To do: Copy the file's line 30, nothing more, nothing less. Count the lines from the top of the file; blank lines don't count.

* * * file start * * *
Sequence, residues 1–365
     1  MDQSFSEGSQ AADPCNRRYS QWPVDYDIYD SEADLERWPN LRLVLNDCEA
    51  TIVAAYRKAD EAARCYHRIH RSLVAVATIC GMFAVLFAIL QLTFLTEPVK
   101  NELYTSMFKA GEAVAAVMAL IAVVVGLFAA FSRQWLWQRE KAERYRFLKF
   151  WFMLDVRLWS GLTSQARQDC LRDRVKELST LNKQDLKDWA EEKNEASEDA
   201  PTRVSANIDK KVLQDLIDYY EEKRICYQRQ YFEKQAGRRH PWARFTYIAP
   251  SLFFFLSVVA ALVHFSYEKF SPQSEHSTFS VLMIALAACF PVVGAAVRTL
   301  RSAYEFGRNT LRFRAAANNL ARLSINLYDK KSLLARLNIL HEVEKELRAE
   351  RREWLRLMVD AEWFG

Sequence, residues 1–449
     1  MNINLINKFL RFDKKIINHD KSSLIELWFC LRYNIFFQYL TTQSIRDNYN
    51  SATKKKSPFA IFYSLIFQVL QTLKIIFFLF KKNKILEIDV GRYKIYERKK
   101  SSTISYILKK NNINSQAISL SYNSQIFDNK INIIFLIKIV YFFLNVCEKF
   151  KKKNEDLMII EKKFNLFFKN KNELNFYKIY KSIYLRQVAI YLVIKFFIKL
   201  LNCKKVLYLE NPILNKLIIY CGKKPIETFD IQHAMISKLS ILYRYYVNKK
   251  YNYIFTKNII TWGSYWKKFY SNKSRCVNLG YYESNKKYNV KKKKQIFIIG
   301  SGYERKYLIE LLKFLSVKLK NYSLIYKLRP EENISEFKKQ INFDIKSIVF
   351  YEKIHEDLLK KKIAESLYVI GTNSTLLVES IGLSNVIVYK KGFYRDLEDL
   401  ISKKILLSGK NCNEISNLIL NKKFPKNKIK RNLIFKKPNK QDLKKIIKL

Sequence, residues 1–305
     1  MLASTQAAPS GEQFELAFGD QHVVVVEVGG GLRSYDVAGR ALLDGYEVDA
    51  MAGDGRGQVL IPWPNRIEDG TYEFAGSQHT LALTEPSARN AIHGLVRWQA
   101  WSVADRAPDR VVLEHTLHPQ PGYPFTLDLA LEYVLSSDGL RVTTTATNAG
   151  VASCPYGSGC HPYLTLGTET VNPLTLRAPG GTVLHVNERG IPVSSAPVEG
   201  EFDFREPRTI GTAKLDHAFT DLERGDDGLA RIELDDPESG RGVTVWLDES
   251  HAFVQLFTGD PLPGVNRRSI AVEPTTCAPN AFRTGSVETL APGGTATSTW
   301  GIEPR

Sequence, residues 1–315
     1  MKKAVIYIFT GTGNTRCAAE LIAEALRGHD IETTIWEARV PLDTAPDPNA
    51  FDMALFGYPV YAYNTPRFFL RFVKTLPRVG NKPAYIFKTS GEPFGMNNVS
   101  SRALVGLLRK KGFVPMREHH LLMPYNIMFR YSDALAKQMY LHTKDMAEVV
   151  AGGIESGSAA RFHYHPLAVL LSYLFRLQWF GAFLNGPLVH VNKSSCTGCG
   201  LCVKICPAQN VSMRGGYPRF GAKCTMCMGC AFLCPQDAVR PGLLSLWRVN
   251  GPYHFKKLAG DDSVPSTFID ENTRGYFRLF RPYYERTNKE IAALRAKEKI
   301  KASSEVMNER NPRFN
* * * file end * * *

    51  FDMALFGYPV YAYNTPRFFL RFVKTLPRVG NKPAYIFKTS GEPFGMNNVS